"When the Foundation Board of Directors met at Teachers College for its annual meeting in the mid 1990s," Ms. Criscuoli recalled, "we perceived first-hand the poor condition of Grace Dodge Hall and the Grace Dodge Room. That led us to respond positively to the proposal that followed from resident Levine."

Coincidentally, in 1907, Grace Dodge gave Teachers College a gift of $400,000 for the construction of a Household Arts Building. Soon named Grace Dodge Hall, it was opened in 1909 with classrooms, studios and laboratories. In 1924, a 27,000 square foot addition was made providing space for academic and administrative facilities.

The Grace Dodge Hall Renovations

With receipt of the Dodge gift, renovations have transformed the west wing of Grace Dodge Hall's ground floor, one of the College's most visible and heavily used areas. New lighting, painted hallways and resurfaced floors have emphasized the aesthetic qualities of the wood-floored corridors, wainscoting and high ceilings. Air conditioning and heating improvements lend comfort levels in the departmental classrooms, faculty offices and administrative suites housed in Grace Dodge Hall.

The Grace Dodge Room, often referred to as the College's living room, is the venue of large classes, guest lectures, conferences, dinners and major receptions. To restore it to its previous elegance, the renovations provide proper natural and artificial lighting, space for audiovisual presentations, a modern viewing screen and acoustical improvements.

An Investment in Learning

"Our support of Teachers College," Criscuoli maintained, "is nothing more than a continuation of the commitment initiated by Grace Dodge. It is to endow educators not only with the skills and knowledge to elevate the quality of learning essential in our nation's schools but to provide life-long learning opportunities for the larger community as well.

"To ensure that the best learning takes place, Teachers College has attracted a great faculty to inspire and motivate its students. For our part," Criscuoli emphasized, "the Dodge Foundation has invested in a physical environment that enhances and fosters this level of learning."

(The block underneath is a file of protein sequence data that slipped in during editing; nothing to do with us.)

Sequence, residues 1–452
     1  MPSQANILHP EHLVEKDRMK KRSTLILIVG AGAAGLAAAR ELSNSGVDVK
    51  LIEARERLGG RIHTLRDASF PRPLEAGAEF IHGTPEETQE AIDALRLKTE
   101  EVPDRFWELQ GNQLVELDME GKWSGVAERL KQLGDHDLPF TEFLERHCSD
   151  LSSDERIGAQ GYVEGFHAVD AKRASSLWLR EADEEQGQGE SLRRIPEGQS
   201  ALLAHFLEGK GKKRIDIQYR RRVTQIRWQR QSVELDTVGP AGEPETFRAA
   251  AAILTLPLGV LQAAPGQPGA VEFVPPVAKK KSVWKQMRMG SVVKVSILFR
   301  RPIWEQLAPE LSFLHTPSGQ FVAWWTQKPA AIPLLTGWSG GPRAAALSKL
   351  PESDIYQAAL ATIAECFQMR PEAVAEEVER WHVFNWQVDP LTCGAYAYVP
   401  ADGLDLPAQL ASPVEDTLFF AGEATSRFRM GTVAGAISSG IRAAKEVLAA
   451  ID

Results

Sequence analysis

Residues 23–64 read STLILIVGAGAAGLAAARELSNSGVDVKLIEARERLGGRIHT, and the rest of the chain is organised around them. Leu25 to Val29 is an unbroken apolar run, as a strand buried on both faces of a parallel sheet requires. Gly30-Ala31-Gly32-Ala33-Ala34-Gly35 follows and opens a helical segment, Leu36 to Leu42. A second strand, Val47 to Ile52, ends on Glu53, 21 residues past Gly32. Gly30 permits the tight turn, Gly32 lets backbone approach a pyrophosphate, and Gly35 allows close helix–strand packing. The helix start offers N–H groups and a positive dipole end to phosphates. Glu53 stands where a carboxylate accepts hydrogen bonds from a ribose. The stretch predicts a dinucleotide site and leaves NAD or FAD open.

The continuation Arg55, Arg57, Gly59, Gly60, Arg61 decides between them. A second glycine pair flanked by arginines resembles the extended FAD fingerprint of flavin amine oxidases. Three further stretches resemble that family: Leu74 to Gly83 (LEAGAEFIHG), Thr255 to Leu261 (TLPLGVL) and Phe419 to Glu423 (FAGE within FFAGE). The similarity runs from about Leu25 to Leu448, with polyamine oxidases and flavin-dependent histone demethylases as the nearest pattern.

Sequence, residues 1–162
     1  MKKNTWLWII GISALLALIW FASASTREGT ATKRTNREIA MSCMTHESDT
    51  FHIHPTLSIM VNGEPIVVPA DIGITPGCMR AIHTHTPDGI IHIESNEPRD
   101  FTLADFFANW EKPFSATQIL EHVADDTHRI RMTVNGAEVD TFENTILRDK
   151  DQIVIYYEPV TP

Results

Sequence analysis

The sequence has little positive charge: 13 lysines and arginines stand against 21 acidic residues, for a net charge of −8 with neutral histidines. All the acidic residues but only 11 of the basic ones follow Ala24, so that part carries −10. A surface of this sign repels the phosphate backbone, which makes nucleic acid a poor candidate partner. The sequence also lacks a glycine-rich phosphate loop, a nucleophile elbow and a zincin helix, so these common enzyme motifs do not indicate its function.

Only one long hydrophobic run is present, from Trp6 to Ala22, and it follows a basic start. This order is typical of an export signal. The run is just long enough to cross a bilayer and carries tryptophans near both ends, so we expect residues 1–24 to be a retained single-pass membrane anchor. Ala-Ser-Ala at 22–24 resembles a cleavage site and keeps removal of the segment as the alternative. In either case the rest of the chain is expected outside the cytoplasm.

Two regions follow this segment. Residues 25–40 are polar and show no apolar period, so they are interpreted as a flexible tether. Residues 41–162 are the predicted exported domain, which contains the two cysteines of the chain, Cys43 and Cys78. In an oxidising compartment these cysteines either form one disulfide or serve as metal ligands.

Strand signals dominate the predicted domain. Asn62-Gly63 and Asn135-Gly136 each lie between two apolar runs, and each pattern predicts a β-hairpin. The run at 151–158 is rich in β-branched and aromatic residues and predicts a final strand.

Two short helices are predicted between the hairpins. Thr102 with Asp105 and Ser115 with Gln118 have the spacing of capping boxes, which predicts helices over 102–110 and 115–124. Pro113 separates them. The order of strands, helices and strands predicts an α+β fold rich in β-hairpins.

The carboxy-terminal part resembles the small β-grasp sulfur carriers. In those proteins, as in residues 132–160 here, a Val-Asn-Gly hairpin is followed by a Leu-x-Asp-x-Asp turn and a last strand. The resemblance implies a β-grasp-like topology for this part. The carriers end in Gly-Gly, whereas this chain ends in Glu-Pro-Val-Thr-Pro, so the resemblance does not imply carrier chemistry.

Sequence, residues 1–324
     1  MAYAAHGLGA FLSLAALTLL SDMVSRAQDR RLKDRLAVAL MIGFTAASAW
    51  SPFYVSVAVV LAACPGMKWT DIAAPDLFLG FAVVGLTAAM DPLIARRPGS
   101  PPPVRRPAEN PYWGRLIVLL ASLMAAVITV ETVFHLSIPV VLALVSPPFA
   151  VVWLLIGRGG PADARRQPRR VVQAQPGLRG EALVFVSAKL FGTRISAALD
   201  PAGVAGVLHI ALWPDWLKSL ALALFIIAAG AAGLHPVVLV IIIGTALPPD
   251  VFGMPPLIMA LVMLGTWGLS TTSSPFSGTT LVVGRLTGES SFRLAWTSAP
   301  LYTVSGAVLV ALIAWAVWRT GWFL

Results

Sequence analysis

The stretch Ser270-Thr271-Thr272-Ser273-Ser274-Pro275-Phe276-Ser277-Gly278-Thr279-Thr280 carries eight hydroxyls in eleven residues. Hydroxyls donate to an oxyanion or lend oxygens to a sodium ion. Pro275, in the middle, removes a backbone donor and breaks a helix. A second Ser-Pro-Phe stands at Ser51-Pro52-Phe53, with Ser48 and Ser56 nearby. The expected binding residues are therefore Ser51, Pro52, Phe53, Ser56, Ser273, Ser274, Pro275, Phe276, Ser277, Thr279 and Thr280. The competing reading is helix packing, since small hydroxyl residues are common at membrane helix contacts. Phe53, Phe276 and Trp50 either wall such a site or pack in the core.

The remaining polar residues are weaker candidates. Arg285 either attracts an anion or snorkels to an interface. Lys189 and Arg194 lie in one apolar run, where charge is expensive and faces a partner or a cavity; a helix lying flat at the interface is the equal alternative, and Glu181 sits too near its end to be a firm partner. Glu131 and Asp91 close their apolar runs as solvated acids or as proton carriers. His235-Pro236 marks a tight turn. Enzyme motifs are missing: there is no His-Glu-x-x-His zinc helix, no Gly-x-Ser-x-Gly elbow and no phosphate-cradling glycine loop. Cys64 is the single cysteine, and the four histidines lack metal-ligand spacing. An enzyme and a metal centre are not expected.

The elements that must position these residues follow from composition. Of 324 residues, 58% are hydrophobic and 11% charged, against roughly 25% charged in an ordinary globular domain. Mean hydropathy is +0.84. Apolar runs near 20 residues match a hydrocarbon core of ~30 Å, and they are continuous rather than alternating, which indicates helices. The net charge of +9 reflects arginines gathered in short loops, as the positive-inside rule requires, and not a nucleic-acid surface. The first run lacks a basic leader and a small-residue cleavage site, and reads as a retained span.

With the support of contributors like the Dodge Foundation, the $140 million campaign goal allocates funding to help make up for long-delayed attention and long-deferred maintenance to the Teachers College physical environment. It also provides the intellectual capital to transform how and where the best learning takes place. Teachers College has defined the standard of education since its founding by Grace Dodge over a century ago. It is now embarking on a campaign of renewal that invigorates and strengthens those standards into the 21st Century.

 

As Teachers College launched its $140 million capital campaign, the largest goal ever set for a school of education, the Dodge family once again has taken a leadership position to provide crucial support in a time of challenge and opportunity.


"To ensure that the best learning takes place, Teachers College has attracted a great faculty to inspire and motivate its students. For our part," Criscuoli emphasized, "the Dodge Foundation has invested in a physical environment that enhances and fosters this level of learning."